In a 52-week toxicity study in rats, predominantly in males, sarcomas were noted at the subcutaneous injection site only at the highest dose (about 40 times the maximum human dose). No hyperplastic or neoplastic lesions occurred at the subcutaneous injection site in a 52-week dog toxicity study. There have been no reports of tumour formation at the injection sites in patients treated with octreotide for up to 15 years, All the information available at present indicates that the findings in rats are species specific and have no significance for the use of the drug in humans.


Octreotide may alter absorption of dietary fats in some patients.

Depressed vitamin B12 levels and abnormal Schilling's tests have been observed in some patients receiving octreotide therapy. Monitoring of vitamin B12 levels is recommended during therapy with octreotide in patients who have a history of vitamine B12 deprivation.

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4.5 Interaction with other medicinal products and other forms of interaction

Ciclosporin: Octreotide has been reported to reduce the intestinal absorption of ciclosporin. Ciclosporin levels should be monitored and the dose should be increased if necessary.

Cimetidine: Octreotide has been reported to delay the absorption of cimetidine. and the dose of cimetidine may need to be adjusted.

Concomitant administration of Octreotide and bromocriptine increases the bioavailability of bromocriptine.

Limited published data indicate that somatostatin analogs might decrease the metabolic clearance of compounds known to be metabolised by cytochrome P450 enzymes, which may be due to the suppression of growth hormone. Since it cannot be excluded that Octreotide may have this effect, other drugs mainly metabolised by CYP3A4 and which have a low therapeutic index (e.g. quinine, terfenadine, carbamazepine, digoxin, warfarin) should therefore be used with caution.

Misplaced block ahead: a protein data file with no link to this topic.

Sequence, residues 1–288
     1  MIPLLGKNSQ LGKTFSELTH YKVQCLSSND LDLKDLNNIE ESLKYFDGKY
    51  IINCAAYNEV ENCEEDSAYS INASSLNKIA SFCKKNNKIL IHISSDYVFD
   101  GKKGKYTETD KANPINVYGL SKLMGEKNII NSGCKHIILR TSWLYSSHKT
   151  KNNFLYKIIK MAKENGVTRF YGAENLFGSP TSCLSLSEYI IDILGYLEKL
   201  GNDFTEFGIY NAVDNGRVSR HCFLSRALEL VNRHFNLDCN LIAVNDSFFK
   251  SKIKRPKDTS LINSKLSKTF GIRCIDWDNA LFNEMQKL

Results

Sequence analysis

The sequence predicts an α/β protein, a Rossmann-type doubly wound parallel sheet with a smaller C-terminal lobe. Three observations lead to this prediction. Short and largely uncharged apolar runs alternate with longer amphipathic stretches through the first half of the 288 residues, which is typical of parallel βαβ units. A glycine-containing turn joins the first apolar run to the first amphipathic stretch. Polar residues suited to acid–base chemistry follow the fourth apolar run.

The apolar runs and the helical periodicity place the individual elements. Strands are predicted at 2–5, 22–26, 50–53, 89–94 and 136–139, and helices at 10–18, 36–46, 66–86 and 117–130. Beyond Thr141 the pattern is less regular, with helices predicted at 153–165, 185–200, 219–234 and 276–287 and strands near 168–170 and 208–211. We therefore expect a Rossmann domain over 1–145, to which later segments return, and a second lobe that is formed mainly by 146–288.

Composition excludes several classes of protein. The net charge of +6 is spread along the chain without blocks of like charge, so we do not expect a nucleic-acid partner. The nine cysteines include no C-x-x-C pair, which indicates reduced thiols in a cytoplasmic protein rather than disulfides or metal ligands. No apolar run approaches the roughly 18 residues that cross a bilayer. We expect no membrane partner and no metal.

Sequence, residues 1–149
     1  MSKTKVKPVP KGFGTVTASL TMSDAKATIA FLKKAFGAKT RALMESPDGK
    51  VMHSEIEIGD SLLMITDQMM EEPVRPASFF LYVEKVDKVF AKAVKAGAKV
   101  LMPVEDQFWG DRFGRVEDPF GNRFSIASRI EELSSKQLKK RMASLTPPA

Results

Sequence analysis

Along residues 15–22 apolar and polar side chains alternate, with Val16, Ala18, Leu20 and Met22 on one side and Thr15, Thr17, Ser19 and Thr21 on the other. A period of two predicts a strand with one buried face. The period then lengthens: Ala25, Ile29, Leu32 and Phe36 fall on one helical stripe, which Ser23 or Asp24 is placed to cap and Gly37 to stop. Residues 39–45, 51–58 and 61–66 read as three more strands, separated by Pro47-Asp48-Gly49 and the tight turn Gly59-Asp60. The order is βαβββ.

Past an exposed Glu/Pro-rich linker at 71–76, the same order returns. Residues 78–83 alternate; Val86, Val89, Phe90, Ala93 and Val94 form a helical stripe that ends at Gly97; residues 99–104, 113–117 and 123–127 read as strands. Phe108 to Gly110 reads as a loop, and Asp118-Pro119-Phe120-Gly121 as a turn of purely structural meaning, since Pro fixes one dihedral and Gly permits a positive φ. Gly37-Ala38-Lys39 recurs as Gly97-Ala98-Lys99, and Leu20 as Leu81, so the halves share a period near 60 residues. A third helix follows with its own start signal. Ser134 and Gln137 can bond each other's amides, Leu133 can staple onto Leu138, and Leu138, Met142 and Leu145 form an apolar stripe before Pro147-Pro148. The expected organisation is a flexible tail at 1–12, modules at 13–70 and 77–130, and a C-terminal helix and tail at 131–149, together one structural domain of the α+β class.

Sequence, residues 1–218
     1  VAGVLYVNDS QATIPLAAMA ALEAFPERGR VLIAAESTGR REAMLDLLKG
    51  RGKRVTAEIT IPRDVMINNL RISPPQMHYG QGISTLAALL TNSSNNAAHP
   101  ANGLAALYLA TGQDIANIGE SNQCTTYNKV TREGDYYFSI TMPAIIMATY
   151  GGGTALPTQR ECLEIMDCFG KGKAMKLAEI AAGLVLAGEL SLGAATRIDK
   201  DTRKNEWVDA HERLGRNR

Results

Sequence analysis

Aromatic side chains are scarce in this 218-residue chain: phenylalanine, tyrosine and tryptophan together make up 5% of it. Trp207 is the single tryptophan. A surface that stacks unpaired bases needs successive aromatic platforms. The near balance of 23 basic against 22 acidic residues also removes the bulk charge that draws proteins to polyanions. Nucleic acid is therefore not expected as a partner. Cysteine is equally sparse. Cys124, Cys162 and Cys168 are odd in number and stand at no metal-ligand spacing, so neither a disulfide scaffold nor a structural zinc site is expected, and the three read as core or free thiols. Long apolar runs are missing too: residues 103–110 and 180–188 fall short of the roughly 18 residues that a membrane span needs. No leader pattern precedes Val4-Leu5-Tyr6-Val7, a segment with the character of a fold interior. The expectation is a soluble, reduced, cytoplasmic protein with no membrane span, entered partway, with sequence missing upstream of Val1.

Octreotide has been shown to decrease hepatic blood flow by about 30%. Thus, the risk for interactions with substances for which metabolism is dependent on liver blood flow should be considered.

4.6 Fertility, pregnancy and lactation


There is no data regarding treatment with octreotide and its effects on fertility.


Pregnant women should only be prescribed octreotide under compelling circumstances (see also section 4.4, Special warnings and precautions for use).

Insufficient data exist on the use of octreotide in pregnant women. Due to its growth hormone inhibiting effect, it may be assumed that octreotide poses a risk to the foetus.

There are no adequate and well-controlled studies of use of octreotide in pregnant women. In the post-marketing experience data are on limited number of exposed pregnancies have been reported in patients with acromegaly, however, in half of the cases the pregnancy outcomes are unknown. Most women exposed to octreotide during the first trimester of pregnancy at doses ranging from 0.1-0.3 mg/day of octreotide s.c. In approximately two-thirds cases with known outcome, the women elected to continue octreotide therapy during their pregnancies.

There were no cases of congenital anomalies or malformations due to octreotide usage in the cases that reported pregnancy outcomes.

The medicinal product should only be administered to these patients if circumstances make it clearly necessary.

Studies in animals showed transient growth retardation of offspring before weaning (see section 5.3.), possibly consequent upon the specific endocrine profiles of species tested. There was no indication of direct or indirect harmful effects with respect to pregnancy, embryonal/foetal development, parturition or postnatal development.

The potential risk for humans is unknown.


It is not known whether Octreotide passes into human breast milk. Women receiving treatment with Octreotide should only breastfeed their infants if it is clearly necessary.. Animal studies have shown excretion of octreotide in breast milk.

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4.7 Effects on ability to drive and use machines

No studies on the effects of Octreotide on the ability to drive and use machines have been performed.

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4.8 Undesirable effects

The most frequently reported adverse reactions with octreotide treatment include metabolism and nutrition disorders, nervous system disorders, gastrointestinal disorders, hepatobiliary disorders, and general and administration site disorders.